Overall, the price isn’t that bad considering everything this saw can do. But the fact is that its length may put a limit on using it for high-detail work for some users.
Can perform rip cuts and crosscuts
- Weight5.6 ounces
May be difficult to use for high-detail work
Going back to back with Ryoba type saws, this one takes the award for Best Compact saw. The Ryoba design maximizes versatility by providing the ability to cut with or against the grain. But the ability to do so often means the saw may be awkward to handle on small projects. This one changes things up because it measures just 15-inches long with a 7-inch blade. And though it might not be the smallest saw you can find to cut joints with, the two cutting edge makes it possible to take on more projects than you otherwise could with a standard dovetail saw.
As with all Japanese tools, there is a learning curve to using this saw. If you’re not careful, you can easily break the tool. Keep in mind that a Ryoba is thin and does not feature a rigid backing to protect the blade.
Can perform rip cuts and crosscuts
- Weight4.8 ounces
Can break easily
Before you write this off as a carbon copy of the first Suizan saw to make our list, you should know that there are some differences. We will get it out of the way that this is a Dozuki blade, but the business end measures seven inches. Unlike other traditional Japanese hand saws, this particular model does away with the infamous bamboo handle. Instead, it features a synthetic frame with a soft, textured handle. The handle is something many people love in place, and many believe it to be far more comfortable. Another user-oriented feature is the easy blade interchanging system that makes quick work of swapping out dull blades for new ones.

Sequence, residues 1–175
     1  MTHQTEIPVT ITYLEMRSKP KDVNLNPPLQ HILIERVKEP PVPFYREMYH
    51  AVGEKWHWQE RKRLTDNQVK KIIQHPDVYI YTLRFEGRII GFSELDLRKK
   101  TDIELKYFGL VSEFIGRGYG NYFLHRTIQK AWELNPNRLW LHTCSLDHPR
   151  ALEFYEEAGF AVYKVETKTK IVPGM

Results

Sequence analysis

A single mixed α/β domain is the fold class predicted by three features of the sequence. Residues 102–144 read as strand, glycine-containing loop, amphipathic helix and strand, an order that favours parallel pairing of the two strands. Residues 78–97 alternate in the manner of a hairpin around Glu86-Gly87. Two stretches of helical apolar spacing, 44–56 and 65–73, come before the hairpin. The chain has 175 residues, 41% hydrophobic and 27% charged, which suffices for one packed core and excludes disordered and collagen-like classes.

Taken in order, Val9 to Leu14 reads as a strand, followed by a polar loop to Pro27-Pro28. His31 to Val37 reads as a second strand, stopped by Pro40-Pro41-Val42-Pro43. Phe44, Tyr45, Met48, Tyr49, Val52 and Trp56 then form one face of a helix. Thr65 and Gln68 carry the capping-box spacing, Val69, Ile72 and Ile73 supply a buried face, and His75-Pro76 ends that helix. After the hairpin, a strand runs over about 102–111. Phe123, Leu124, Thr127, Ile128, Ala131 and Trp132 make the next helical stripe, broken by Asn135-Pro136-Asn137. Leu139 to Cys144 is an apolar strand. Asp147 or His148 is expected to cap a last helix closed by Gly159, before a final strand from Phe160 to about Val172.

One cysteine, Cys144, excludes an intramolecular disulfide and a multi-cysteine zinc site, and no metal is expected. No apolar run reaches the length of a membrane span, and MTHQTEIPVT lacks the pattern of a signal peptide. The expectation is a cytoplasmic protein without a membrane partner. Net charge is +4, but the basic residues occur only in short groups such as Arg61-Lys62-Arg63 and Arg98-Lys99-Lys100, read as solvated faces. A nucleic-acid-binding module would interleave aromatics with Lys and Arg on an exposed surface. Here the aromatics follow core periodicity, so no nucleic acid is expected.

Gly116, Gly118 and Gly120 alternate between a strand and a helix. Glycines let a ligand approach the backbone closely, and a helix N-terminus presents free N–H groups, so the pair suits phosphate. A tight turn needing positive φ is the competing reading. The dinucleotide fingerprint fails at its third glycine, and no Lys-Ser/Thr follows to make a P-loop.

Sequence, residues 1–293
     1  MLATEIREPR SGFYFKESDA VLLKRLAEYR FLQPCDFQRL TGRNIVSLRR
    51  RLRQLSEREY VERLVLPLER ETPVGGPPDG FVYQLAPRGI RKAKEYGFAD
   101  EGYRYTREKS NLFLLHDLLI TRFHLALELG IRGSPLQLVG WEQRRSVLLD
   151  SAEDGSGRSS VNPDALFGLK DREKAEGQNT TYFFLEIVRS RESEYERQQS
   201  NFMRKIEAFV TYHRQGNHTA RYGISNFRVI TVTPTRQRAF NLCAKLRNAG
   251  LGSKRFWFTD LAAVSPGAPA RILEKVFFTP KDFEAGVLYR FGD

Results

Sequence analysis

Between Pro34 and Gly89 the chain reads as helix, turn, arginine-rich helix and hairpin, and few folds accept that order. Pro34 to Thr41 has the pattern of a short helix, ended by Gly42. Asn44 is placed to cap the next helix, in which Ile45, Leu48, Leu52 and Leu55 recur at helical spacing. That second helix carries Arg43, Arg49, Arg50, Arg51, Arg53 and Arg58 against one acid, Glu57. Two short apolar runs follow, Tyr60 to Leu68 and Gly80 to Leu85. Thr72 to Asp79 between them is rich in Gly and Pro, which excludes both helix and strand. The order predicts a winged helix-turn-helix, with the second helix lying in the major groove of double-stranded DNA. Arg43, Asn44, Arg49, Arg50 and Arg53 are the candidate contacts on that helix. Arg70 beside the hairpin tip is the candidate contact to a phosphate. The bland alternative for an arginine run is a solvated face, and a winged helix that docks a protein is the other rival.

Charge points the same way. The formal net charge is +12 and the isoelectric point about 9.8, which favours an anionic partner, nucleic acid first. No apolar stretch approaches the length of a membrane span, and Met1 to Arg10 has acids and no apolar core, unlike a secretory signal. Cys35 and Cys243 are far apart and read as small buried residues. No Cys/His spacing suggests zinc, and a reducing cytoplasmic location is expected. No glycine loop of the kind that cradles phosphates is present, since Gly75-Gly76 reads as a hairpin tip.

As you can expect, the only thing to not love is the learning curve. Again, if you’re not used to using Japanese blades, you may experience teeth breaking and overall performance issues.
- Weight9.6 ounces
Great for high-detail work
Easy blade change system
Requires a learning curve
Those who prefer tool designs from the Western hemisphere can give a sigh of relief. While this model does feature a straight handle, it is a traditional Western backsaw. And while they denote it as a tenon saw, it can prove useful in the right hands to create dovetails. That said, it offers the versatility to create several joints. As a Spear and Jackson tool, the performance is there, and woodworkers will love the looks of this saw. In most other industries, looks aren’t important on equipment, but it’s something that can significantly improve your mood when tackling big jobs.
This is a professional-level tool, and its price reflects that. However, the quality and craftsmanship make it well worth the money for serious woodworkers.
Traditional back saw design
- BrandSpear & Jackson
- Weight1.21 pounds
Can produce dovetails and tenon joints